Newspaper article International Herald Tribune

French Panel Annuls Law against Genocide Denial

Newspaper article International Herald Tribune

French Panel Annuls Law against Genocide Denial

Article excerpt

The Turkish government hailed the ruling and moved to lift recently imposed penalties, but President Nicolas Sarkozy vowed to introduce a rewritten bill criminalizing denial of Armenian genocide.

The French Constitutional Council has struck down a draft law that would have criminalized the denial of an Armenian genocide by the Ottoman Turks, legislation that has soured relations between France and Turkey.

The controversy over the bill is likely to persist, however. President Nicolas Sarkozy, who backed the legislation, vowed Tuesday to submit a new bill with revised language. He has in the past indicated that he would push to see that denial of an Armenian genocide is made a crime even if the council ruled against the draft law.

Mr. Sarkozy offered no indication as to how he thought a new bill might overcome the objections of the council, which ruled Tuesday that "the legislature did unconstitutional harm to the exercise of freedom of expression and communication" in approving the legislation.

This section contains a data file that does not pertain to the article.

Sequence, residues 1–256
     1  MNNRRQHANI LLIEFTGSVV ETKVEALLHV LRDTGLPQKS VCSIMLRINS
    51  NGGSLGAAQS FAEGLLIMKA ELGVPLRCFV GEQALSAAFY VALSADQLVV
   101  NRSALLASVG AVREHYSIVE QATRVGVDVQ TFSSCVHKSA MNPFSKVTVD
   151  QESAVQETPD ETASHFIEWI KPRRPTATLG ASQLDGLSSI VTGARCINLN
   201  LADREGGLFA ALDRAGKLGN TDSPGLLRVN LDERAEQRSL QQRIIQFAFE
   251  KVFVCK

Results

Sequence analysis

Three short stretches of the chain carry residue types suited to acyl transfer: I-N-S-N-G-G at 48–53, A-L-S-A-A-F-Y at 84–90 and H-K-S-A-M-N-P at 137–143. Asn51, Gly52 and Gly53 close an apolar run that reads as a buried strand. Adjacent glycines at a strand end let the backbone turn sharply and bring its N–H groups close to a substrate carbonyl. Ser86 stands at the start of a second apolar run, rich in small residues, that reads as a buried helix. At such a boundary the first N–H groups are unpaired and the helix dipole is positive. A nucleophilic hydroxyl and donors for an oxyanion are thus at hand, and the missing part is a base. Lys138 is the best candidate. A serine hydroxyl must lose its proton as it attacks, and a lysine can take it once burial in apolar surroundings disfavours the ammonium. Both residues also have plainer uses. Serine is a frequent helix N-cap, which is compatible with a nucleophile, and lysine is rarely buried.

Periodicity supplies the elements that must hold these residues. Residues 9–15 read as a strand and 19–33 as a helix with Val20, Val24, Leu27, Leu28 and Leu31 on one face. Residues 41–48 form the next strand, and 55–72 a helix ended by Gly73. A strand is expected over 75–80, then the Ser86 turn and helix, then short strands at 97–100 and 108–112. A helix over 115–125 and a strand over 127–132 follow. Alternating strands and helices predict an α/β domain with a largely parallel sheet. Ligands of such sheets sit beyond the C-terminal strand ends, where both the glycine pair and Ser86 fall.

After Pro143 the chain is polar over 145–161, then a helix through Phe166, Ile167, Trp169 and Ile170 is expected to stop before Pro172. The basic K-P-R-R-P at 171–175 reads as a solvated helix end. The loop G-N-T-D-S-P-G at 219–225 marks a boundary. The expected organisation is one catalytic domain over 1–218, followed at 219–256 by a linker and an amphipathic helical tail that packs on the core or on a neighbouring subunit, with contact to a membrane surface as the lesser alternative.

After passage of the bill in the French Senate last month, dozens of lawmakers from across the political spectrum submitted appeals to the council, insisting that the legislation violated free speech rights and that it was not the place of the legislature to impose its own explanation for the hundreds of thousands of Armenian deaths that began in 1915, amid the chaos of World War I and the collapse of the Ottoman Empire.

The government in Ankara, the Turkish capital, shared that assessment and hailed the council's decision on Tuesday. Turkish leaders will meet to consider the lifting of economic sanctions imposed because of the bill and the reinstatement of political and military cooperation with France, Foreign Minister Ahmet Davutoglu said Tuesday. It remained unclear how Turkey might react should Mr. Sarkozy submit a new bill.

"We consider the annulment of the legislation by the Constitutional Council as a step that complies with the principles of freedom of expression and research, the rule of law and international law in France," the Turkish Foreign Ministry said Tuesday evening in a statement. …

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